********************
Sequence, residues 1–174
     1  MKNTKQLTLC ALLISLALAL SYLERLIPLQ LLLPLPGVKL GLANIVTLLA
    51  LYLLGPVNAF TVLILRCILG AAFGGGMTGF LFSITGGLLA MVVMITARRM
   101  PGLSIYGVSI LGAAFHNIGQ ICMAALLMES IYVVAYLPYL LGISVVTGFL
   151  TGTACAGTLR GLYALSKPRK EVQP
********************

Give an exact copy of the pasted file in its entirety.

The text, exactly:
Sequence, residues 1–174
     1  MKNTKQLTLC ALLISLALAL SYLERLIPLQ LLLPLPGVKL GLANIVTLLA
    51  LYLLGPVNAF TVLILRCILG AAFGGGMTGF LFSITGGLLA MVVMITARRM
   101  PGLSIYGVSI LGAAFHNIGQ ICMAALLMES IYVVAYLPYL LGISVVTGFL
   151  TGTACAGTLR GLYALSKPRK EVQP